We are called upon to exhibit patience in many ways. When sharing Christ with a non-believer many times patience is required. They will try to twist what you say to mean something else. Or, in most cases, they will just not allow you to penetrate the wall of indifference they have erected around themselves. Be patient. Keep trying to reach them for Christ. Your efforts will pay off.
"Therefore, as the elect of God, holy and beloved, put on tender mercies, kindness, humbleness of mind, meekness, longsuffering; bearing with one another, and forgiving one another, if anyone has a complaint against another; even as Christ forgave you, so you also must do." (Colossians 3:12,13)
Kindness shown to a brother or sister in Christ and those outside of Christ is perhaps the most beautiful part of being a Christian. As an elder in my local congregation, I have the good fortune to be able to go out into the community on the Lord's Day and serve communion to the folks that are home-bound or in nursing homes. To be able to share Christ with these lovely people and to show kindness to them by visiting with them and holding their hand is a true blessing for me. They always ask for prayer and are so appreciative of the kindness we are able to show them.
We are "ambassadors for Christ" (2 Corinthians 5:20) while we are on this earth. As such, it is our desire to do goodness as we see the need. To do good deeds - to help others in need, to serve the local congregation, to help a neighbor, visit the sick, etc. - is to do the work of Christ. And we should not keep our goodness to ourselves and our brothers and sisters in Christ. Jesus said, "Do good to those who hate you, and pray for those who spitefully use you and persecute you." (Matthew 5:44) Spread the goodness around. You may be surprised when you do something good to help someone whom you think (and perhaps they really do) hate you. Goodness and kindness has a way of softening even the hardest heart.
How could we even begin to think about being a true Christian and not be faithful. I know there are those who sit in church every Sunday morning thinking that being there is all they must do to show their faithfulness. They are deceived! Let us not be deceived. Faithfulness is much more than occupying a seat in a pew on Sunday morning.
For sure, faithfulness is "being there" to worship God; not only on Sunday morning, but as often as we can. Faithfulness is also being faithful in our giving to further the Lord's kingdom in our communities and around the world. It is being faithful to meet around the Lord's Table each and every Lord's Day as did the early church. It is being faithful to study the Word of God daily, and to pray each day. It is being there to help those in need and to share Christ with those who have not made Him their Lord and Savior.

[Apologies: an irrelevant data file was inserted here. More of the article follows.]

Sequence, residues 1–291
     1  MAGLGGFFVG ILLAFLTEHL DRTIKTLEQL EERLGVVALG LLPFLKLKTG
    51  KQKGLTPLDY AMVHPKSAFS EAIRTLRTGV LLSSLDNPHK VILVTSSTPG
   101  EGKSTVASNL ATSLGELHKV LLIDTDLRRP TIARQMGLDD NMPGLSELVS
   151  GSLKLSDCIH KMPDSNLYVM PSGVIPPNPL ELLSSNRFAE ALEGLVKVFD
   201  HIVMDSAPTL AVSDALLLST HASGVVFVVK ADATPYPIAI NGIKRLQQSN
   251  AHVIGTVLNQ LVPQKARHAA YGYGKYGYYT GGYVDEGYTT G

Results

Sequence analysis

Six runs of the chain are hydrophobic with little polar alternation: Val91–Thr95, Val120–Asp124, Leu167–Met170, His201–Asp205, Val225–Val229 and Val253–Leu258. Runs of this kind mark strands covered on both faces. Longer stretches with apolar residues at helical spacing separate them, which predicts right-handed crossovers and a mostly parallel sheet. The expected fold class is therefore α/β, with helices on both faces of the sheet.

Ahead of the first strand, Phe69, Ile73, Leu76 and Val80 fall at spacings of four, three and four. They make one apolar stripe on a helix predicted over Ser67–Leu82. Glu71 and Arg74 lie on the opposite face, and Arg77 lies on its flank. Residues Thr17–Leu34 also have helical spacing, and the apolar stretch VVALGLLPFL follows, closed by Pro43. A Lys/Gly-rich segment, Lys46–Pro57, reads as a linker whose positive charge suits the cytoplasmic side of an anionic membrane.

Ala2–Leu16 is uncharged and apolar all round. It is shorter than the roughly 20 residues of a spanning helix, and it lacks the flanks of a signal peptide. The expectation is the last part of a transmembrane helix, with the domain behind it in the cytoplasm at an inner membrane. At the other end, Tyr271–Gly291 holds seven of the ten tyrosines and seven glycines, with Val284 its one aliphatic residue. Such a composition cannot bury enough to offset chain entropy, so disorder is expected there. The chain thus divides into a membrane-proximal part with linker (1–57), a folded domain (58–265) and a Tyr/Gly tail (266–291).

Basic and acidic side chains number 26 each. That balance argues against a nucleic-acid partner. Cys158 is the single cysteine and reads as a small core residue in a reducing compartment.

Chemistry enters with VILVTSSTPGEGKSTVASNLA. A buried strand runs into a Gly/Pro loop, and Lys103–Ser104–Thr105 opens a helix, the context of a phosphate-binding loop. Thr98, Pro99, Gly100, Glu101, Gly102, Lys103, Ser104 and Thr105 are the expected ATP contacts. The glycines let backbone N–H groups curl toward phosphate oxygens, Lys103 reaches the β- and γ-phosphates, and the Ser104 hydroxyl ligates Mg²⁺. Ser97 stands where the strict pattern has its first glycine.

But still, faithfulness is more. In John 14:15 Jesus said it all concerning faithfulness, "If you love Me, keep My commandments." Faithfulness is loving Christ. Loving Christ is keeping His commandments. Keeping His commandments is following His word to the best of our abilities - to the BEST of our abilities!
It always amazes me how someone who claims Christ as the Lord of their life can be so cold and matter of fact in dealing with others. Some people have a way of being brutally truthful and thinking that it is a virtue. "I tell it just the way it is!" I had someone tell me that one day. I gently responded, "You tell it the way you think it is, but that does not make it true." Being gentle in our words to others is very important if we are to let the Spirit bear fruit in our lives.
Cutting words, no matter how truthful, is not of God. Gentleness is caring about others' feelings. Don't lie. But don't be cold, hard, and brutal either.
Self-control is not merely keeping our tongue under control. It is making wise choices about our lives. It is avoiding the pit-falls of smoking, drinking, and riotous living. It is being disciplined enough to be faithful and using our talents for God. It is keeping our personal finances under control. It is rearing our children to be Christians and to love God.
The fruit of the Spirit is what being a Christian is all about. We have just touched on these. Study them and have them in your life.
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ABOUT THE AUTHOR
Stephen Kingery is an author, preacher, teacher and founder of The Home Bible Study Institute.